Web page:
75% of the total population studied achieved a qualified successful outcome at year 5. In the group of patients requiring further surgery, 50% (n = 4) of patients had previous surgeries and had a mean number of 4 interventions prior to their first surgery. The group of patients who were successfully operated on had lower mean number of intervention and lower percentage of previous surgeries (Table 3). Table 3 showing outcome data on visual acuity, referrals made, percentage requiring drops and IOP.

Table 3 Outcome data at time points assessed, results for visual acuity, referrals made, percentage requiring drops and IOP

Mean visual acuity was stable in the overall population. In fact, pre-operatively, mean visual field defect was -13.43 ± 11.06 and remained stable post operatively in year 5 (-11.54 ± 13.46) and year 6 (-11.81 ± 13.47). Mean IOP in the overall population pre-listing was 30.75 ± 6.78 mmHg. It dropped on day 1 to 13.43 ± 8.53 mmHg and by year 1 it was 44.49% lower than the pre-listing IOP. In the successfully operated group, mean IOP was dropped by 45.76% by 12 months and 46.13% by 60 months and shows that viscocanalostomy alone produces excellent long-term results. Interestingly, only a third of this group required drops after 5 years follow-up. In the group where further surgery was required, 50% of the patients needed drops at 54 months but also showed a drop in IOP by 52.17% from the pre-listing IOP.

Additional analysis

1. Comparison of pre and post op IOP using paired T-test (listing versus day 1)

Overall summary

The surgical procedure was successful in reducing IOP, whereby a statistically significant reduction (t = 6.001, p < 0.0001) in the IOP was observed when comparing the listing (mean listing pressure: 30.75 SE 1.69) and day 1 postoperative pressure (mean postoperative pressure: 13.43 SE 2.13).

2. ANOVA comparison of change in IOP over time

Overall summary

One-way analysis of variance (ANOVA) was performed to ascertain whether intraocular pressure was reduced in the post-operative period, as assessed across fourteen time points over 5 years. Time points evaluated in this analysis include the preoperative, day one, week one, month one, month three, and for subsequent bi-annual follow-ups for duration of 5 years. We were unable to include month eighteen in this analysis due to the large number of patients failing to attend these assessment dates. A statistically significant change in intraocular pressure was observed between time points, (F = 5.01, p < 0.00001). A Tukey post-hoc analysis revealed findings observed in the one-way ANOVA are largely driven by the difference in mean IOP observed between preoperative and day 1 measurements (mean difference 17.31, HSD test 9.16, p < 0.05). The Tukey-post-hoc analysis also demonstrates all time points assessed against the preoperative IOP showed statistically significant reduction.

3. Survival curves

For the purpose of this project we have evaluated patients over a five year time frame. The outcome of this analysis is time until repeated surgery. Repeated surgery was confirmed via retrospective case review, where the requirement for repeated surgery would be documented carefully in the patient notes. Only those with confirmatory surgical notes were included in the study. (Figs. 1, 2).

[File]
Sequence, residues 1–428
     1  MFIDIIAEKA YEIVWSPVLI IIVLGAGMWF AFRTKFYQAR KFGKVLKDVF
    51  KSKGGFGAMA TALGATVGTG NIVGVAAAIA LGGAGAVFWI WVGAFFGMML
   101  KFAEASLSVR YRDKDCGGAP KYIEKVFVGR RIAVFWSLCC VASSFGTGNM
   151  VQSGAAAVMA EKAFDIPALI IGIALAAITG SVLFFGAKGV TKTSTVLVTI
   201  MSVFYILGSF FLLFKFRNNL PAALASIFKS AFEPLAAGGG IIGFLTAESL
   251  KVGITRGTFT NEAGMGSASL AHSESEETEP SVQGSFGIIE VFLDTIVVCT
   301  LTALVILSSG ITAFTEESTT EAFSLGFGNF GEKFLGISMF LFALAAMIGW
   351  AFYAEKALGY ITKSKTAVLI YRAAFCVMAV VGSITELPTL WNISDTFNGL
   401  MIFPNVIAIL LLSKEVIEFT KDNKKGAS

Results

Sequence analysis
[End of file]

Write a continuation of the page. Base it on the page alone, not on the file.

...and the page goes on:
Fig. 1
figure 1

Kaplan–Meier assessing impact of type of surgery (VC vs PVC) of time to repeated surgery. (Log Rank: chi 6.45, p = 0.01)

Fig. 2
figure 2

Kaplan–Meier survival estimate of time to repeated surgery

4. Cox proportional hazards model

Summary of cox proportional hazards model

Cox Proportional Hazard (PH) model expresses the hazard for patient drop out at a specific time for an individual given the status of their set of explanatory variables Hazard Ratio: 11.62 SE 13.78, p = 0.039. The variables collected from this cohort of patients have been described above. After establishing the significant association between type of surgery and risk for early repeated surgery; we wished to quantify the magnitude of effect. Results from the Cox PH main effects model suggests that the type of surgery patients underwent is important for predicting the variance in survival time; these results suggest that 1) participants receiving operations employing the isolated VC procedure are at 11.62 times higher risk of undergoing repeated surgery. We then assessed the PH assumptions for this final model with interactions using the KM and log–log survival curve visual assessments as well as the Schoenfeld residuals test.

Summary of Kaplan Meier Curves

Graphical evaluation of the basic Kaplan Meier curves (unadjusted) for each variable or the log–log survival curves (adjusted for each variable) allows us to visually determine whether the curves cross over, thus violating the PH assumption (Fig. 1). Provided the hazards cross for two or more categories of predictors, the PH assumption is not maintained. During variable selection we chose to assess the KM curves (unadjusted) for all categorical and binary variables in this dataset. Log-rank tests are also provided beneath the curves. Our only categorical variable included in our final model was surgical technique—PVC, versus VC alone. This variable met the visual assessment for the proportional hazard assumption, where the KM curve does not visually cross over (Fig. 2).